Could Hermione Granger be black? Fans dicker with J.K. Rowling. (+video)
The cast list for the stage play 'Harry Potter and the Cursed Child' is out, and it has some people very upset, while others say it's a step forward for the representation of diversity in media.
The cast list is out for the stage play “Harry Potter and the Cursed Child,” and it has some people very upset, while others are say it's a step forward for the representation of diversity in media.
The play is based on a J.K. Rowling short story about Harry Potter’s life as an adult, where he is employed by the Ministry of Magic. Harry will be played by Jamie Parker, Paul Thornley will play Ron, and Noma Dumezweni will play Hermione. It’s Ms. Dumezweni’s casting that has some people up in arms, because they don’t like the idea of a black actress playing Hermione.
Ms. Dumezweni was born in Swaziland to South African parents. She has starred on TV and in stage plays, and won a Laurence Olivier Award for Best Performance in a Supporting Role for her work as Ruth Younger in A Raisin in the Sun.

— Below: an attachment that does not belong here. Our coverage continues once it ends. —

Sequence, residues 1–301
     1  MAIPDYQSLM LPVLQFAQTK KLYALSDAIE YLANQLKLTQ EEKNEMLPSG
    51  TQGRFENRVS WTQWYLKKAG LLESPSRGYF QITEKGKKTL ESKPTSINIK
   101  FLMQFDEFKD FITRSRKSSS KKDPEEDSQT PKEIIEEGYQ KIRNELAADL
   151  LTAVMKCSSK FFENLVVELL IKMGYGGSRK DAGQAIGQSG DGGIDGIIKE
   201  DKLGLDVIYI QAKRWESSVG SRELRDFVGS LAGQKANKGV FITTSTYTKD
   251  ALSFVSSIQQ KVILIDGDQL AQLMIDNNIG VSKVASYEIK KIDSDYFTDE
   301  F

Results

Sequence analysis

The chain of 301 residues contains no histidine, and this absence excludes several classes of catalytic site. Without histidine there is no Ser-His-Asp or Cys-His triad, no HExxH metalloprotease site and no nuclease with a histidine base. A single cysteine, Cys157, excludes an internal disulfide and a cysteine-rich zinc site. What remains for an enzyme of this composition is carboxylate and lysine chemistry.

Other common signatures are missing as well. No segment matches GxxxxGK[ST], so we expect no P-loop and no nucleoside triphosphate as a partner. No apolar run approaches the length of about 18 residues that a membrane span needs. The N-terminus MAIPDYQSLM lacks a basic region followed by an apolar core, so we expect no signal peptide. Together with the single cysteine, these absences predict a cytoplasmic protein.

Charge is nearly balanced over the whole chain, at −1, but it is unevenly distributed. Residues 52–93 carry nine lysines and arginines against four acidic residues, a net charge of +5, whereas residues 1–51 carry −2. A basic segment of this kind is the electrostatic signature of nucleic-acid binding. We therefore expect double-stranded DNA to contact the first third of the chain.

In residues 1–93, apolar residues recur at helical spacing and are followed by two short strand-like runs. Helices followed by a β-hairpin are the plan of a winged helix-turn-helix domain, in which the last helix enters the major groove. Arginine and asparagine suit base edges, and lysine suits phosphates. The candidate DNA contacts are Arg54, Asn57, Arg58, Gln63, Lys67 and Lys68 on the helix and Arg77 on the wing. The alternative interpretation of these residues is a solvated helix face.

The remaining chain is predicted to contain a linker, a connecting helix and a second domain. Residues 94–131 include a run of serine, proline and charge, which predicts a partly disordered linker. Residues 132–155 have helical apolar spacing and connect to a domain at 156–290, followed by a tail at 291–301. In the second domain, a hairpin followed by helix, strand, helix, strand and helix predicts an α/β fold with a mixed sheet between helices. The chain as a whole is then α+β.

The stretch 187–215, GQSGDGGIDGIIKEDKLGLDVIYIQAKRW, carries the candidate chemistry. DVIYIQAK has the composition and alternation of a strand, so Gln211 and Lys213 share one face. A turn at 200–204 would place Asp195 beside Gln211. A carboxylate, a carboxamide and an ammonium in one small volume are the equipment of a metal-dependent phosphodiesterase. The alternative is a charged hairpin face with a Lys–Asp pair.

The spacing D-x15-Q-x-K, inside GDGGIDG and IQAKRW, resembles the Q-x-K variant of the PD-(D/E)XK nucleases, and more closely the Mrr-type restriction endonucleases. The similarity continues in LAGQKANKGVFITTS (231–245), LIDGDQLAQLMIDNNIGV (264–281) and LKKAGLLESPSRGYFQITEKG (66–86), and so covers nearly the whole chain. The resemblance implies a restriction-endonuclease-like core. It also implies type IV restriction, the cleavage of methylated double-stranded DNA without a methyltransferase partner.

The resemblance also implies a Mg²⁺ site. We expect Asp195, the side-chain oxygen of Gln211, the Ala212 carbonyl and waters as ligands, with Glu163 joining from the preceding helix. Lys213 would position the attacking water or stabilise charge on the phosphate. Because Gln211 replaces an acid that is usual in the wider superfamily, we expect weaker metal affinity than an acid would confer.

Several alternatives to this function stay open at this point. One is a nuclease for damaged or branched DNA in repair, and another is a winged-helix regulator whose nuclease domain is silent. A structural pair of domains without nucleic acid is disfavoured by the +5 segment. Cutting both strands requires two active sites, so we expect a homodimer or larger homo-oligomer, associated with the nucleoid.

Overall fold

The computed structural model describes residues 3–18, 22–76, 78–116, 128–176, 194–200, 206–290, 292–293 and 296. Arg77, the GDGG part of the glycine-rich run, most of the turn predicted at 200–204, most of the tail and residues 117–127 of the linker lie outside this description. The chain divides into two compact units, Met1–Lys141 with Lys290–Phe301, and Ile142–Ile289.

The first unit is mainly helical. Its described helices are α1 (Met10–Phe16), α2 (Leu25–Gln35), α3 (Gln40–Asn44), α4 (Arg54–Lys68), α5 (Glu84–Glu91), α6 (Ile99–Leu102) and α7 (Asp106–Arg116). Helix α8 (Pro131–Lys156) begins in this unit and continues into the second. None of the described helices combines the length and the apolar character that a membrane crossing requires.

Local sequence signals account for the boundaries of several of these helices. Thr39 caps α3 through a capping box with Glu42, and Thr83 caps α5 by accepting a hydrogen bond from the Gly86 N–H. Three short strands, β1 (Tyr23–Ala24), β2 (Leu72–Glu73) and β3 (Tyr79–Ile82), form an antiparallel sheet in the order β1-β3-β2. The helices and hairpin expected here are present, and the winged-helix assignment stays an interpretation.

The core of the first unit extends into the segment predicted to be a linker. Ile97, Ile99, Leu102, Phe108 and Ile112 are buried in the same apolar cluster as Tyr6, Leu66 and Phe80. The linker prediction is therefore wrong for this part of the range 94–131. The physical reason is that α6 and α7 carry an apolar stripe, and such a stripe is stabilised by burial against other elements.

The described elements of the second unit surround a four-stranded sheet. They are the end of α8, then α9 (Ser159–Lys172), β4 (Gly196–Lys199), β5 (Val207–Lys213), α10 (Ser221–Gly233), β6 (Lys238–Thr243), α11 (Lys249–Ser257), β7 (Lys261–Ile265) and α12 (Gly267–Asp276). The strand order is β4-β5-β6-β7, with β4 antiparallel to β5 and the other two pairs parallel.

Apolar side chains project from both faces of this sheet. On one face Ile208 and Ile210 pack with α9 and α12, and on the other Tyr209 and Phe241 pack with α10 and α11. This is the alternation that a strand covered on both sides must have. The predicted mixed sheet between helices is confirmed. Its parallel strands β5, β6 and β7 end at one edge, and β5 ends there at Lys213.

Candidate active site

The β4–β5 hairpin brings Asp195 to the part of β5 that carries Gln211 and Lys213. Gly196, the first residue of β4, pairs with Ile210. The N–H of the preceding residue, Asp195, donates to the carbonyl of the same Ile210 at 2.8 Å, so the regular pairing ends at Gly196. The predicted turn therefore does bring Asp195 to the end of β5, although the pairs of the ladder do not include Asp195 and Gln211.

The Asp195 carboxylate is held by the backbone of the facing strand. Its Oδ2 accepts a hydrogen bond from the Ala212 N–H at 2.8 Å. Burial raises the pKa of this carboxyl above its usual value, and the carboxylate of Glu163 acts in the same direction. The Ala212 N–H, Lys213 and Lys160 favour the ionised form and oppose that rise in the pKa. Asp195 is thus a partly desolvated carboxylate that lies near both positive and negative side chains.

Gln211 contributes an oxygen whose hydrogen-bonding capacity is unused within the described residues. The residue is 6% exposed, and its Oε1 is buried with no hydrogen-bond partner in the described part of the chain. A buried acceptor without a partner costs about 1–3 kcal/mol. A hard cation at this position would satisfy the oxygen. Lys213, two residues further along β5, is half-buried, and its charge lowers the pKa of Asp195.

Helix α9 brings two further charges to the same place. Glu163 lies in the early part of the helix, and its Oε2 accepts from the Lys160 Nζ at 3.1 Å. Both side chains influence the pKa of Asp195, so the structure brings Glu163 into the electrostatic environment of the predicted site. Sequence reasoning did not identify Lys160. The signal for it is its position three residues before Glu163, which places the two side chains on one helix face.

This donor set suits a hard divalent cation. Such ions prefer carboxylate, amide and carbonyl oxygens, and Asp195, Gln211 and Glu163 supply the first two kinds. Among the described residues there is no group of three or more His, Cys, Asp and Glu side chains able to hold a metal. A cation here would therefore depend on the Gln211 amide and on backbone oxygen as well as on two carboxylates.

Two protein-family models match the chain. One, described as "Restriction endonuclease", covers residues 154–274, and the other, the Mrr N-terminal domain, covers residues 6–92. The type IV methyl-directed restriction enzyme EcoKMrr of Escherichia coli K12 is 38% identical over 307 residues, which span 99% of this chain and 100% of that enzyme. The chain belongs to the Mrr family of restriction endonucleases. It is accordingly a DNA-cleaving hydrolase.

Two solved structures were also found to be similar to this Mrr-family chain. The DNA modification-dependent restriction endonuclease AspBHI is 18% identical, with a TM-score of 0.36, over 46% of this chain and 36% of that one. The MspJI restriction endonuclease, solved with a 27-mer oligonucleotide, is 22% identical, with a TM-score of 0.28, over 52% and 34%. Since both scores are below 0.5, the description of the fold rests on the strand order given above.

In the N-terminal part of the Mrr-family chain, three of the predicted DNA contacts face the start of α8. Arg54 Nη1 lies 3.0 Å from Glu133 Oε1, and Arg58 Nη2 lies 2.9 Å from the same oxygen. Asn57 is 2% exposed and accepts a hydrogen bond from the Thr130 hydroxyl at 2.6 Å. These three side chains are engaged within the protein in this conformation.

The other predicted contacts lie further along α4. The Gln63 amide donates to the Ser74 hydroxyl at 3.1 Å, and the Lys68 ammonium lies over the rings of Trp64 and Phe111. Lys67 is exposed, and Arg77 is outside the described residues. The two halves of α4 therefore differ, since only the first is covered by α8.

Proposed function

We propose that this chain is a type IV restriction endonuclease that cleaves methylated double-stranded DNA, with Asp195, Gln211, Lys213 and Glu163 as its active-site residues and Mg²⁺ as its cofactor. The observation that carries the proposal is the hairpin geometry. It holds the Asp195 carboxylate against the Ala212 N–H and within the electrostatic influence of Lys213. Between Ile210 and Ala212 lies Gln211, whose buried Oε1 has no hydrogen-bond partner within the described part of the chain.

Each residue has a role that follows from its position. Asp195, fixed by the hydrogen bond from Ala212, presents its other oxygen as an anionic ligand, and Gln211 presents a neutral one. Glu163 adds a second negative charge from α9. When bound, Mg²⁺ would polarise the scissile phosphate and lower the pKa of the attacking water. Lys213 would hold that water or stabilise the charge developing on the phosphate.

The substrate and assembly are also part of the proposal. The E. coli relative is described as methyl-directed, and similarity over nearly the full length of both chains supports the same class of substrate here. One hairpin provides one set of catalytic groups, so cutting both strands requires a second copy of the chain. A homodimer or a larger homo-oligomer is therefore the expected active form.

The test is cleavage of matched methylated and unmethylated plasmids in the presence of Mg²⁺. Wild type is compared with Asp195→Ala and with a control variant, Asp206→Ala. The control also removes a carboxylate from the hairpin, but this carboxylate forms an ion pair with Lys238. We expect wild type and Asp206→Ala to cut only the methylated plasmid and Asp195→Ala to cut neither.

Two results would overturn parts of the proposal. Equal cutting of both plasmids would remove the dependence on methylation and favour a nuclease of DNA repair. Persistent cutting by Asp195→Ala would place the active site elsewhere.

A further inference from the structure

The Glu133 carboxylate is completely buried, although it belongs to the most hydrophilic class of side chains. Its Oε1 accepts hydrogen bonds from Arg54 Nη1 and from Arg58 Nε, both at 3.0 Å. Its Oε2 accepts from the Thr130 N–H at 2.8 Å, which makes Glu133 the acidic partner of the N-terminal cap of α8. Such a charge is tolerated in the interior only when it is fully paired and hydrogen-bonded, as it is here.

Many angry fans of the books took to Twitter to contend that Hermione was white all along, and that this new casting would interfere with their feelings of continuity about the book and film series.
But Ms. Rowling explains that the casting choice doesn’t interfere with the Potter cannon in the least. “Canon: brown eyes, frizzy hair and very clever. White skin was never specified. Rowling loves black Hermione,” she wrote on Twitter.
In a separate statement, Rowling said, “I’m so excited with the choice of casting for ‘Harry Potter and the Cursed Child.’ I can’t wait to see Jamie, Noma and Paul bring the adult Harry, Hermione and Ron to life on stage next summer.”
Others were also delighted with the casting choice.
“Of course Hermione Granger’s black,” Stephen Bush wrote in an opinion piece for the English magazine New Statesman. “As a child, I had brown eyes, frizzy hair, [and] was brighter than most of my classmates ... I thought Hermione was black because she was the character I most closely identified with – I didn’t identify with her because I thought she was black.”
In the words of Jessie Thompson of Huffington Post UK: “They haven't cast a black Hermione, they've cast a Hermione. If you can't see that you're not looking properly."